Beaconsfield residents to pay as they throw

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Beaconsfield studies waste management

In order to reduce more than 50% of their waste Beaconsfield residents may have another high tech garbage bin delivered to their homes by fall 2015. Residents will have a choice of three bin sizes depending on the amount of the tax payer’s garbage production.

The proposed form of garbage payment to replace the $175 a year current fixed garbage tax will be based on the size of the bin and the amount of times the bin is picked up at the curb. An electronic chip in the new bin will alert the city each time the bin is picked up and will be billed to the resident accordingly. The city hopes to reallocate the use of the current garbage bin limiting it to green waste only, which currently makes up 51% of Beaconsfield garbage. The incentive tariff approach means the more garbage you produce the more you pay.

“Even if we simply get rid of our green waste, which is basically leaves and grass, we reduce by 25%, add to that the 6% of garbage that is being thrown in the garbage instead of recycling that is a huge chunk of our garbage,” Councillor Pierre Demers told The Suburban, “We can do this. More than 50% of what is currently in the garbage bin is green waste that is why we as a community have more garbage than other communities.”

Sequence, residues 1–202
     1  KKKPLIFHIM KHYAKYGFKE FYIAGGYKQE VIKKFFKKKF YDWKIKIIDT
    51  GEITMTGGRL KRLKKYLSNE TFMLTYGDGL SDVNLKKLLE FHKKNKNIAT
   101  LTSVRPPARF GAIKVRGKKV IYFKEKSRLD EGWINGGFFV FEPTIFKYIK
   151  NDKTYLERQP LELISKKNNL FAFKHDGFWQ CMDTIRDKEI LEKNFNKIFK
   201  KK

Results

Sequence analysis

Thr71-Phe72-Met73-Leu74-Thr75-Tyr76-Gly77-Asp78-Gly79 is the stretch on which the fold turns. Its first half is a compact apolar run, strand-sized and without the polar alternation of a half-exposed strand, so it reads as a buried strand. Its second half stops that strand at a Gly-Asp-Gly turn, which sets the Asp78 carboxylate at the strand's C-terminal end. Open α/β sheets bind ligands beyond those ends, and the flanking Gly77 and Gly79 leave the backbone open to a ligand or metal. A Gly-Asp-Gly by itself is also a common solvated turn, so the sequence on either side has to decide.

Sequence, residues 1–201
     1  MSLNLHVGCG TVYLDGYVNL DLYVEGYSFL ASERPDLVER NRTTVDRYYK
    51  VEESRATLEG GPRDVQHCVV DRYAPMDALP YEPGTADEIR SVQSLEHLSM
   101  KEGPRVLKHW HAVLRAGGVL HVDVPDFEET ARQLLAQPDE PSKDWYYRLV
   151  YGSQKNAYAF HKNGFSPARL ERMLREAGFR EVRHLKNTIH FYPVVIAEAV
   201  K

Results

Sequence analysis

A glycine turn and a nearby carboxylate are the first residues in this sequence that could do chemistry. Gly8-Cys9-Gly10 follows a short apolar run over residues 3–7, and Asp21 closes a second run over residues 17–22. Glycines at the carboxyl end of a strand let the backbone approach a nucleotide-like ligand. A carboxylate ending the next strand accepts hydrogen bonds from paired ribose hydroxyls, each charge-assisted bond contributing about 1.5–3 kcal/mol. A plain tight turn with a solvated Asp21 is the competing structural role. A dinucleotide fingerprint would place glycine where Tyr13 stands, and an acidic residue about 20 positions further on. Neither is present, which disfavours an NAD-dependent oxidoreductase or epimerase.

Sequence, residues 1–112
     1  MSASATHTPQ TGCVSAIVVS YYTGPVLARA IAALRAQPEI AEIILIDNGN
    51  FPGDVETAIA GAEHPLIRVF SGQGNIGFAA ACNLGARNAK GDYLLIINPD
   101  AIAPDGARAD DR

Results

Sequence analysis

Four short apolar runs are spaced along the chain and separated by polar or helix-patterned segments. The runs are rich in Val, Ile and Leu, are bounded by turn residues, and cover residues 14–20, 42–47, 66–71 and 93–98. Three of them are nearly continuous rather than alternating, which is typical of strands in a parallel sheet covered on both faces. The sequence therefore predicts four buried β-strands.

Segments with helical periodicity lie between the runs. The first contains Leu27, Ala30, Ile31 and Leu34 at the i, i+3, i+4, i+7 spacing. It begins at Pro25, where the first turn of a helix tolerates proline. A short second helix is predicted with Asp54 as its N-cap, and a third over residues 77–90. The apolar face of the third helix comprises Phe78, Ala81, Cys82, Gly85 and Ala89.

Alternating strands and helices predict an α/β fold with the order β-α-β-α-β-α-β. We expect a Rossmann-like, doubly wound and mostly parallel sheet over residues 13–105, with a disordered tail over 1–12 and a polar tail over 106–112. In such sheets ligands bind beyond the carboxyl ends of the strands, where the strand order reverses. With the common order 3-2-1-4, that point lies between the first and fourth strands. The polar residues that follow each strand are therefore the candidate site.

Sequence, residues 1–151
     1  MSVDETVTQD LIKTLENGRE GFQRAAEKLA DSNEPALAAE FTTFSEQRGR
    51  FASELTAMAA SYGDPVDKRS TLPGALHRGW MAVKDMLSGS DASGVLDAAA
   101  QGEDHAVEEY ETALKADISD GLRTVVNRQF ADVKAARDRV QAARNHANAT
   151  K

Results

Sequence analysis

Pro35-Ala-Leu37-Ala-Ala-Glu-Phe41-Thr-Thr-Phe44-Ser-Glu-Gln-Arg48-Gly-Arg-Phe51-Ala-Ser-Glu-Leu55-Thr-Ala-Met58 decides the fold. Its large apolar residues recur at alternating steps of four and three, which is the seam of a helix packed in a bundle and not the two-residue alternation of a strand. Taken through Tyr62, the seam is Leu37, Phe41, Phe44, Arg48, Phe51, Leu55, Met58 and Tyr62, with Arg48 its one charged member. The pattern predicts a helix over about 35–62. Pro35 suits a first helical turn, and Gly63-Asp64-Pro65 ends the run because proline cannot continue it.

At the December town hall meeting Beaconsfield public works director Andrew Duffield said that under the $228,000, pay as you throw pilot project 253 citizens were encouraged to compost and were given targeted information to support them with their waste management. The information from the pilot project was very encouraging to Duffield as residents managed to put out 33% less garbage based on weight. This meant there was less organic waste in the garbage.

As far as Beaconsfield resident Linda Frate was concerned even though people will have good intentions not everyone will compost properly and the city runs the risk of rodent infestation.

“I am concerned as I am already seeing people throwing garbage in parks, that will increase,” Frate worried, “ and even though we will have a separate bin for garbage, recycling and other waste, when i put my dogs poop in the garbage I won’t have a choice to take it out every week because it will smell. So I will pay more because I am a pet owner.”

“What happens to people on limited means who don’t necessarily compost well or a senior who does not want to go outside in January to compost, they will also have to pay more. I feel we are getting asked to do more and pay more. I feel hopeless,” Frate explained

By removing green waste from the garbage pick up and rerouting it away from landfill sites Beaconfielders can expect to reduce their overall garbage dramatically. Surrounding cities such as Dollard, Kirkland and Pointe Claire have already rerouted their green waste in recent years but do not charge residents for garbage on a per pick up basis.

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